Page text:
30 September 2004
Supreme Court recognizes three judicial circuits for expeditiously processing cases
Contact: Beth Riggert, Communications Counsel
Supreme Court of Missouri
ST. LOUIS, Mo. – Supreme Court of Missouri Chief Justice Ronnie L. White this morning recognized three judicial circuits for efficiently managing and processing cases during fiscal 2003. The Daniel J. O'Toole awards were presented during a ceremonial breakfast of the Missouri Judicial Conference, the organization of all state judges, at the Renaissance Grand Hotel in St. Louis, Mo.
Receiving awards on behalf of their circuits were Presiding Judge Robert Clayton of the 10th Judicial Circuit (Marion, Monroe, and Ralls counties) and Presiding Judge William Syler of the 32nd Judicial Circuit (Bollinger, Cape Girardeau and Perry counties). Also receiving an award on behalf of his circuit but unable to attend was Presiding Judge Ralph Jaynes of the 14th Judicial Circuit (Howard and Randolph counties).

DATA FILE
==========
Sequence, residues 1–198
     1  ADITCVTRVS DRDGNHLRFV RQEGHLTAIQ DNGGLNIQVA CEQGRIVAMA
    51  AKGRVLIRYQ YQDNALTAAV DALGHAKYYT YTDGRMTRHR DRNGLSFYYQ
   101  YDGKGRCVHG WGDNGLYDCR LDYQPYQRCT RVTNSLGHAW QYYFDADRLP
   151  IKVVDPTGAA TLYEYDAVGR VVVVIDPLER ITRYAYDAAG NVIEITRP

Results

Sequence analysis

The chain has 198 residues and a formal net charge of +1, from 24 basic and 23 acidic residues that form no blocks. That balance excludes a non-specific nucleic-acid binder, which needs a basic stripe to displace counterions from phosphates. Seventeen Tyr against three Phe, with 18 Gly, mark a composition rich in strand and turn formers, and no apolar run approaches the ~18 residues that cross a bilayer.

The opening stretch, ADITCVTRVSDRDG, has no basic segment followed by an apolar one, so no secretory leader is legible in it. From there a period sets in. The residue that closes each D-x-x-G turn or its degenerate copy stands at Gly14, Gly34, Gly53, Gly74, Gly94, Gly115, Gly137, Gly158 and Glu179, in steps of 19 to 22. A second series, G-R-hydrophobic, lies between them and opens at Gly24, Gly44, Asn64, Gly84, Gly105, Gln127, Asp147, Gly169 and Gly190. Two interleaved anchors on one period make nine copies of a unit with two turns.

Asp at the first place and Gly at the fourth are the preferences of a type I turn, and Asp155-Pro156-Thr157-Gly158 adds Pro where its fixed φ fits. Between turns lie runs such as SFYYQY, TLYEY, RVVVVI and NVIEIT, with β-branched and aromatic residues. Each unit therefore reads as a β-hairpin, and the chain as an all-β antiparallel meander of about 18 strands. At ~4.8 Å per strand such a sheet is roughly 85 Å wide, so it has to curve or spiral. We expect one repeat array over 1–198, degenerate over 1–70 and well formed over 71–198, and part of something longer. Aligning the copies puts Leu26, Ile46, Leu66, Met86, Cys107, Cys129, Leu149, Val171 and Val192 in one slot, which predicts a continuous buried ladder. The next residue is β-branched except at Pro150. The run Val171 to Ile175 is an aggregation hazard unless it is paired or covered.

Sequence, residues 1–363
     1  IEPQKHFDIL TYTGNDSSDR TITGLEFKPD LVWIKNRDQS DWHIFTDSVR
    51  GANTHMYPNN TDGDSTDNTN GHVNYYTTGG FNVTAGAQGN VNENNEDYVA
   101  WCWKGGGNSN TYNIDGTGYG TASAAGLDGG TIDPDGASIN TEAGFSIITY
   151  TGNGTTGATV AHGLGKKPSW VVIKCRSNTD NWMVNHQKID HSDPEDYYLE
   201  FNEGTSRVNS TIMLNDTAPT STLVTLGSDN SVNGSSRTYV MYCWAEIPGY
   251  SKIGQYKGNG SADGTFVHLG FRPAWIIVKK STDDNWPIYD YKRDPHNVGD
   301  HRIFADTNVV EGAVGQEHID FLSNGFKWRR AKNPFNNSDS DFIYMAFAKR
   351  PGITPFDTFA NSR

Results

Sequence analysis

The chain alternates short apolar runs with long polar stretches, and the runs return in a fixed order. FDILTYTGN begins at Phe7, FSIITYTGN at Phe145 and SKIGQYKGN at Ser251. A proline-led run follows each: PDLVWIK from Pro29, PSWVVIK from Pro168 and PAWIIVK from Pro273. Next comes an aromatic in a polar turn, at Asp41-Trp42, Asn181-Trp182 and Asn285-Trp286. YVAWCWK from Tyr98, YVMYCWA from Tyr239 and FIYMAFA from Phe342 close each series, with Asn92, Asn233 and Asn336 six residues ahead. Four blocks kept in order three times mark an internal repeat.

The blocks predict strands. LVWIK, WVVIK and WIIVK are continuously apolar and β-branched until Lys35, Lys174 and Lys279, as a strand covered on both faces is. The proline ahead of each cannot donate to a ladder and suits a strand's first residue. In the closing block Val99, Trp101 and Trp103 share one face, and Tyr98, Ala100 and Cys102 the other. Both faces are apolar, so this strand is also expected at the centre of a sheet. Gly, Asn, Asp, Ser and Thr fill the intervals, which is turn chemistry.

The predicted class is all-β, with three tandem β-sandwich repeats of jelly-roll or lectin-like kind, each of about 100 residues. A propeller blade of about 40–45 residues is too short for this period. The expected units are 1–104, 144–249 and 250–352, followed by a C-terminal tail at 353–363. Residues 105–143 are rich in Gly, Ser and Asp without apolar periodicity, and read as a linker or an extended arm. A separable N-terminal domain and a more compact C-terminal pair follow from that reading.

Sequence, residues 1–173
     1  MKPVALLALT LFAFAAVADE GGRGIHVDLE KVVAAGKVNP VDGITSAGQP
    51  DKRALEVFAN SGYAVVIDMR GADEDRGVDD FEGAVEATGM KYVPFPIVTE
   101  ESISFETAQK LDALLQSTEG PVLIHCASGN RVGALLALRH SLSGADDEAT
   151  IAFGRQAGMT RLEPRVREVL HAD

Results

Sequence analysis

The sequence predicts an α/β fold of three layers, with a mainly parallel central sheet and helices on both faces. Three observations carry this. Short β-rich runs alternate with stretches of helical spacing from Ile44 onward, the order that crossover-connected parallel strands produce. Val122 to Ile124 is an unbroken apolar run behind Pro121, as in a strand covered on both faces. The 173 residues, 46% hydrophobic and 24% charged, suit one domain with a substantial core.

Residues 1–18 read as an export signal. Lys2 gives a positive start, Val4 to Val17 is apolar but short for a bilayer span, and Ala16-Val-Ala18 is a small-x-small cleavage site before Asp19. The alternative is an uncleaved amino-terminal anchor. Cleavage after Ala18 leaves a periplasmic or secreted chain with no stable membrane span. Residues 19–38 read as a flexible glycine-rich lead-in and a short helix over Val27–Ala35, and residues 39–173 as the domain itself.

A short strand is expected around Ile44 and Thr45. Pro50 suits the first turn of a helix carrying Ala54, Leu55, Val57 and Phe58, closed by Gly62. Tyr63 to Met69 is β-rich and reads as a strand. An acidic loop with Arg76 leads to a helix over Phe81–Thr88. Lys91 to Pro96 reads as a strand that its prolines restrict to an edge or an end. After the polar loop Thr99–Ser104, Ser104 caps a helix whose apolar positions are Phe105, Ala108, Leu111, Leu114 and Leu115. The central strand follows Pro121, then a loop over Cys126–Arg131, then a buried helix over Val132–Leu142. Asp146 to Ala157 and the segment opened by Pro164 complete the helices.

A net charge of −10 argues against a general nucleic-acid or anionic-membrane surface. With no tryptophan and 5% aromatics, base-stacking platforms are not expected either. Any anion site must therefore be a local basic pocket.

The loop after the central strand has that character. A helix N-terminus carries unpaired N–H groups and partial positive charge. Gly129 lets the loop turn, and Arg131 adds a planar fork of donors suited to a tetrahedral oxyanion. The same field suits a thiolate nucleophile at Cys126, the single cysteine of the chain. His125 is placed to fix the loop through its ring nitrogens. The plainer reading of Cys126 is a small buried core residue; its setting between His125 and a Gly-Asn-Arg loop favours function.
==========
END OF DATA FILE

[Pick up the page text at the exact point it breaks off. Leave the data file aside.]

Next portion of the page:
"We should all recognize these improvements across the state in effectively managing judicial caseloads," Chief Justice White said. "Justice cannot adequately prevail without prompt and efficient management of caseloads."
The O'Toole Award, named for that judge's service as the first chair of the time standards monitoring committee, recognizes the success of the circuits in handling cases in a timely manner. To qualify, a circuit must achieve at least five of the 10 case processing time standards and must not be more than 5 percent from achieving the remaining standards. The 10th Circuit met five of the standards, was within 1 percent of meeting another standard and was within at least 5 percent of meeting the remaining standards. The 14th Circuit met seven of the standards, was within 1 percent of another standard and was within at least 5 percent of meeting the remaining standards. The 32nd Circuit met seven of the standards and was within at least five percent of meeting the remaining standards.
The case processing time standards, which became effective in 1997, serve as guidelines for the time various kinds of cases should take to handle. For example, half of civil cases should be disposed within 12 months, and 90 percent of civil cases should be disposed within 18 months. The guidelines recognize that some cases are more complex and require more time. They are designed as tools, therefore, to achieve the overall goals of efficiency, productivity and quality of justice rather than as absolute requirements.